“Everyone seemed to check their hostilities at the door as well. Walking the halls we heard almost as much Arabic as we did Hebrew. In the nursery, Muhammed and Moshe were both popular names for newborns.
Annalise was a pale, bald infant and was impossible to miss in a crowded nursery that featured a sea of olive-skinned babies, most sporting thick manes of black hair, and some already in urgent need of a haircut. The Jewish and Arab children were indistinguishable.
We had no idea how parents could locate their own without checking the wrist bracelets. If you could replicate the atmosphere in Israeli hospitals, Arabs and Jews would have made peace years ago.”
I’VE PURPOSELY chosen non-controversial, personal passages, but the ever-vigilant Israeli reader will have noted the term “Noble Sanctuary” paired with “Temple Mount” and wondered about Griffin’s eagerness to interview the family of a “suicide bomber.” In one of the most important chapters in This Burning Land, Myre describes the difficulty of mastering what he calls “the language of conflict”: “Both Israelis and Palestinians scrutinize language obsessively, and accepting or rejecting their lexicons is a litmus test that quickly classifies you as friend or foe. For a journalist who is trying not to take sides, it is enormously tricky, Every story is a walk through a linguistic minefield and a carefully crafted article can be undone by an editor in New York who casually and unwittingly inserts a phrase or even a single word that one side considers blatant bias... We would wrestle with these questions to the point of absurdity.
Take this common scenario: A Palestinian with an AK-47 rifle hides alongside a West Bank road. When an Israeli army jeep drives past, he opens fire. Is he a terrorist? Most American journalists covering the conflict would refrain from using the term, because the Palestinian was shooting at a military target.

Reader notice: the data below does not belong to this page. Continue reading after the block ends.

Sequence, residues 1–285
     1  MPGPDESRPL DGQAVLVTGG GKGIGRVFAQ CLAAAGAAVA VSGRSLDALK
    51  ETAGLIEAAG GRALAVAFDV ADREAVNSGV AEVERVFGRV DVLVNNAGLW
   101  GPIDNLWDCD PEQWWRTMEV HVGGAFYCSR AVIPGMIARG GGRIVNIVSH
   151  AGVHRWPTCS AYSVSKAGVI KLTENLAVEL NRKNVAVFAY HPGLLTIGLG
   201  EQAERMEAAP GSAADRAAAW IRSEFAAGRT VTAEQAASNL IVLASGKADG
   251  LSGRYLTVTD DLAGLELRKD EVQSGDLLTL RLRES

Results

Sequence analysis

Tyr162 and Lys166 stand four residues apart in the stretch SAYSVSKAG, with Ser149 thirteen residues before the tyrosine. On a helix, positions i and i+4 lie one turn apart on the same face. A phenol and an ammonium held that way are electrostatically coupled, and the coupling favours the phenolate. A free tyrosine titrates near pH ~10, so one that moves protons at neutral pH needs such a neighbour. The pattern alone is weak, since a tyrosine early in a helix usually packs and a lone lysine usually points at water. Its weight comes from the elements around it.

“What if the same gunman waited for the army jeep to pass and shot at the next car, carrying an Israeli family? Did it matter that the attack took place in the occupied West Bank, as opposed to inside the borders of Israel proper? Many Palestinians would make this distinction; most Israelis would not. Perhaps it would be appropriate to describe the Palestinian gunman as a ‘militant’ when he was firing on an Israeli army jeep and a ‘terrorist’ when he fired on the civilian car, but such compromises satisfied no one.”
Myre and Griffin don’t whitewash journalistic errors, like the New York Times photo of a soldier and a miserablelooking “Palestinian” at the Temple Mount conflict. The Palestinian turned out to be a Jewish student from Chicago.
A chapter is devoted to the misreported battle in Jenin. Myre explains the AP’s infamous censorship of the tapes showing Palestinians celebrating the attacks on the Twin Towers on September 11, 2001, as an effort to protect their Palestinian cameraman.
In This Burning Land you’ll find the tragic story of Shaare Zedek emergency physician David Applebaum and his daughter Nava, murdered in Café Hillel in Jerusalem, as well as that of Dr.
Izzeldin Abuelaish, a physician from Gaza who works at Beersheba’s Soroka Hospital and whose three daughters perished in the shelling of his home during Operation Cast Lead. After outlining the depressing roadblocks to peace, Myre and Griffin conclude that they had only one counter-argument: “Even on the darkest days, we encountered ordinary Israelis and Palestinians who defiantly lived their daily lives as if the feud was about to end at any moment.”
Griffin ends the story with the beginning of her battle with a virulent form of breast cancer. She’s 40. They returned to Jerusalem last fall to take part in the Susan G. Komen Race for the Cure.
Wrote Griffin in the afterword, “As I began the treatment, we soon realized that our experience covering other people’s wars gave us all of the tools we needed to fight this one. We began to look forward to the Friday afternoon chemo sessions as a few hours when we could work on this book together writing and revising on laptops as the wonder drugs were pumped into my bloodstream.”